A severe case of Aeromonas veronii biovar sobria traveller's diarrhoea characterized by Vibrio parahaemolyticus co-isolation. We report a severe case of travellers' diarrhoea in a patient returning from Ecuador to Italy with the concomitant presence of Aeromonas veronii biovar sobria and Vibrio parahaemolyticus in their faeces. Based on diagnostic results, epidemiological information and the clinical outcome, we conclude that the real aetiological agent was A. veronii biovar sobria, while V

2012 Journal of Medical Microbiology

156. A Cluster of Acute Diarrhea Suspected to Be Cholera in French Travelers in Haiti, December 2010. Full Text available with Trip Pro

A Cluster of Acute Diarrhea Suspected to Be Cholera in French Travelers in Haiti, December 2010. A cluster of 21 cases of watery diarrhea suspected to be cholera that involved French military policemen and young volunteers occurring in the context of the Haiti cholera outbreak is described. The attack rate (AR) was higher among young volunteers (71.4%) than among policemen (15.3%) (p < 0.0001). There was a significant association between raw vegetables consumption and watery diarrhea (...) in the young volunteer group. If we consider the raw vegetables consumers only, AR was lower among doxycycline-exposed subjects (relative risk: 0.2; 95% confidence interval: 0.1-0.4). The main aspect that is of scientific interest is the potential prophylactic effect of doxycycline used for malaria prophylaxis on the watery diarrhea AR.© 2012 International Society of Travel Medicine.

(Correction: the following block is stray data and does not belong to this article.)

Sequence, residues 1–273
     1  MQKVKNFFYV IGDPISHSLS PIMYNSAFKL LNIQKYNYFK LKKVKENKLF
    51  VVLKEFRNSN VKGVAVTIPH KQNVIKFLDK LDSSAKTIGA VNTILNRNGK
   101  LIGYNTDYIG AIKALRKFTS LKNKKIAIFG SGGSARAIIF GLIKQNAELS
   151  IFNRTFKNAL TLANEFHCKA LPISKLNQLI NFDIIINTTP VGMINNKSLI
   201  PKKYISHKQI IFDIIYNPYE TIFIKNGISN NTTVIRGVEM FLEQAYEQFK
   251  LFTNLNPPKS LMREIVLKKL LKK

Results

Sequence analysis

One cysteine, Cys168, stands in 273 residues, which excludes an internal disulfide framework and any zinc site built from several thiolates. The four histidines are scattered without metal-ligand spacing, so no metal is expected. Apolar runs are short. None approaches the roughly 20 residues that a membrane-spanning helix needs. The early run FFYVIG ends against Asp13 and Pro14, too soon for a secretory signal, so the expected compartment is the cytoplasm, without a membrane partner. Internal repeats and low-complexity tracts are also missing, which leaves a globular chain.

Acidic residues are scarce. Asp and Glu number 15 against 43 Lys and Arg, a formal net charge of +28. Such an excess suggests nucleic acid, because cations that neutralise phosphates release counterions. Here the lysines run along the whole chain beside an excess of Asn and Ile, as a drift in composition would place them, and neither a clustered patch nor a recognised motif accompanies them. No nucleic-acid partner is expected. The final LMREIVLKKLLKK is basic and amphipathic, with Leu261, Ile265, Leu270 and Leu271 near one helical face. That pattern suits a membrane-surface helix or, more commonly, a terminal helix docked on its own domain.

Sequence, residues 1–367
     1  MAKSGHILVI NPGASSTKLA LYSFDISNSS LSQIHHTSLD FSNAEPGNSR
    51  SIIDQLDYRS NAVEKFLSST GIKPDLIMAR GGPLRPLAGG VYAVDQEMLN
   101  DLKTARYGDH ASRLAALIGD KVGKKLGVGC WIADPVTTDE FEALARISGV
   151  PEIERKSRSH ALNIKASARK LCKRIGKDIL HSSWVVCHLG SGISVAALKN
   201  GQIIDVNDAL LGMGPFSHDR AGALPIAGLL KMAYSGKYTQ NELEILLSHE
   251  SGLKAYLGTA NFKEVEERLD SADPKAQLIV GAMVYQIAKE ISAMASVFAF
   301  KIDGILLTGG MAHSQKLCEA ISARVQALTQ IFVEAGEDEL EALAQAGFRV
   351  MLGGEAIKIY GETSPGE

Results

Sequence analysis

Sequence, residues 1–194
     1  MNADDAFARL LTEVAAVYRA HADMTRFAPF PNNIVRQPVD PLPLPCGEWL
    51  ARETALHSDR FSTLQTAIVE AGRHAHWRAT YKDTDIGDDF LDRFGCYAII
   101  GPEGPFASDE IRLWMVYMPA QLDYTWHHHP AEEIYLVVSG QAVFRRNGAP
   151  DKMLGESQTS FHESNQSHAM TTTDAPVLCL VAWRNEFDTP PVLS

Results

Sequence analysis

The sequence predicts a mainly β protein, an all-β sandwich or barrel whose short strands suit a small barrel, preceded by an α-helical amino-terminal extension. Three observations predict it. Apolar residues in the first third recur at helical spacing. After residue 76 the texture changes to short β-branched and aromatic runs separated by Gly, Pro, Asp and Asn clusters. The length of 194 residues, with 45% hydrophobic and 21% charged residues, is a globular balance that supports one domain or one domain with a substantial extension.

2012 Journal of Travel Medicine

157. Fever in the returning international traveller: Initial assessment guidelines

and life-threatening illness, the most important of which is malaria. All febrile patients or patients complaining of fever should therefore be asked about recent travel. While fever in the returning traveller may be due to benign self-limited infections, such as common agents of travellersdiarrhea, or typical cosmopolitan causes unrelated to travel, it must be initially construed as a medical emergency, and warrants prompt and thorough evaluation. Accurate diagnosis and appropriate management (...) traveller may be due to tropical infections or illnesses that have more of a cosmopolitan distribution globally. Numerous large series of illness after international travel have repeatedly identified malaria (20-30%) , acute travellersdiarrhea (10-20%), and respiratory tract infections (10-15%) as the top causes of fever in travellers – (Table 1). Other common causes of fever in the returning traveller include dengue (5%), enteric fever due to Salmonella enterica serovar Typhi or Paratyphi (2-7